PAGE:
Tuesday, January 01, 2008

Copyrighting Design Inspiration

So when Heidi Klum gets sued by Van Cleef and Arpels does it represent a terminal shift in the way the business of design is conducted? A $25,000 lawsuit doesn't seem much of an amount for Van Cleef and Arpels (though it may be big for a budding designer in Heidi) yet the repercussion of the lawsuit could be huge in the business of design. Is this really a precedent for industry wide litigation fest or is this just a minor show of strength between two designers?


Can design be patented or copyrighted? Really?
Van Cleef and Arpels claims that Heidi Klum's design company copied the Van Cleef And Arpel's Alhambra jewelry. Alhambra jewelry is a derivative of Clover design pioneered by Coco Chanel and others. Whether Heidi Klum's company copied the designs is another matter but a bigger question is the protection offered to designers by law. Clearly, patents and copyright laws are not sufficient to protect designers. A patent can protect a chemical formula of a drug made by Pfizer but how can it enforce the copying of designs. Designs are conceived from inspiration and can inspiration be copyright protected? It is the derivation of these inspirations that manifest in the designs that we have to love. There appears to be a very narrow band within which copyright and patent laws offer protection to designers.

Lost Revenues or Lost Identity?
Another difficulty is the assessment of reparations for lost sales over copying of designs. On what basis can a company claim a specific amount as compensation for copying? Van Cleef and Arpels may well have pulled out the $25,000 amount on the ability to pay rather than actual losses they may have suffered. Jewelry Designs are forms of art rather are very difficult to value. Companies can year over year sales and can come up with a number but it is really all that a company lost?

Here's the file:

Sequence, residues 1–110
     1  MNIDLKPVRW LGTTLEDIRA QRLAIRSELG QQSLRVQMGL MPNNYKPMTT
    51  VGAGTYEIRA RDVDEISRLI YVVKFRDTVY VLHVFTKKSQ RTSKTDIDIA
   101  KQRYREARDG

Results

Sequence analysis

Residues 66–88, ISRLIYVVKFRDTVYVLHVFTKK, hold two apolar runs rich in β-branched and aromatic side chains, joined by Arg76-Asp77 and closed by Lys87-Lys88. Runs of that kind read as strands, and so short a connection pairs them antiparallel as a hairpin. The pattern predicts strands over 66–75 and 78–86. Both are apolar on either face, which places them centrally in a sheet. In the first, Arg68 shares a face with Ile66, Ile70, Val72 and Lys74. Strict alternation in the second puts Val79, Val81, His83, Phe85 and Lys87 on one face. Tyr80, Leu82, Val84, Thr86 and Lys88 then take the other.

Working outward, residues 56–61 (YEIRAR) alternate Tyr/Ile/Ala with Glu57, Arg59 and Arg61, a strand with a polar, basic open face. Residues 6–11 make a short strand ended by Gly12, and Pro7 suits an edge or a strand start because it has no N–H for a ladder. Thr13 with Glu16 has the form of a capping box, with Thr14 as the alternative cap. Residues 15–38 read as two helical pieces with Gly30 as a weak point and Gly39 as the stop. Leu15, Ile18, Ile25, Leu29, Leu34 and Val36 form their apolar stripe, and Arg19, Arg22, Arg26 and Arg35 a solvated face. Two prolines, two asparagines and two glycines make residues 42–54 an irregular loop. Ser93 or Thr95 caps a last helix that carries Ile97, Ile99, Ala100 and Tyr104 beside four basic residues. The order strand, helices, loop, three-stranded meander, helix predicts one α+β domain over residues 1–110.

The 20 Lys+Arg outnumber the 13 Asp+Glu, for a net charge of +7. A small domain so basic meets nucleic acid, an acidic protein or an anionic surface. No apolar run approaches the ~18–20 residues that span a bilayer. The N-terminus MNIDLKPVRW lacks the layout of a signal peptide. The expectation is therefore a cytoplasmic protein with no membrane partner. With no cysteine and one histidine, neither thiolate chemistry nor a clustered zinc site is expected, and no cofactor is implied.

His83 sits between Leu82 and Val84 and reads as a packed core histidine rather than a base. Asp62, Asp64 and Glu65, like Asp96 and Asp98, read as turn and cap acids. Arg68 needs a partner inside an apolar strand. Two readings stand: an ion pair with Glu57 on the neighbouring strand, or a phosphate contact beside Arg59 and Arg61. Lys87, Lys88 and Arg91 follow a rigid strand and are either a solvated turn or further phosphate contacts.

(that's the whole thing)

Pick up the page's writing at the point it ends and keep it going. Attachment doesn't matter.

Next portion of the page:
We at design depot believe that copied design result in a loss of identity which is a far significant loss than any lost revenue. Directly copied designs are a blow below the belt that breaks the unwritten code of honor among designers. It may serve as a business strategy to make quick profits but it can never result in a sustained competitive advantage and a lasting brand image.

Brand image and jewelry designs are inexplicably linked. Every jewelry brand have their signature collections. These collections may morph over time but they represent the true identity of the brand. This identity does not depend on the designer but the brand and its brand managers. For example, Van Cleef and Arpels designs are inspired by nature and fantasy. Is it possible that Van Cleef Arpels is signaling to all the inspiring designers that they will fight tooth and nail and not take any competition lightly?

It remains to be seen how this lawsuit out in the end....
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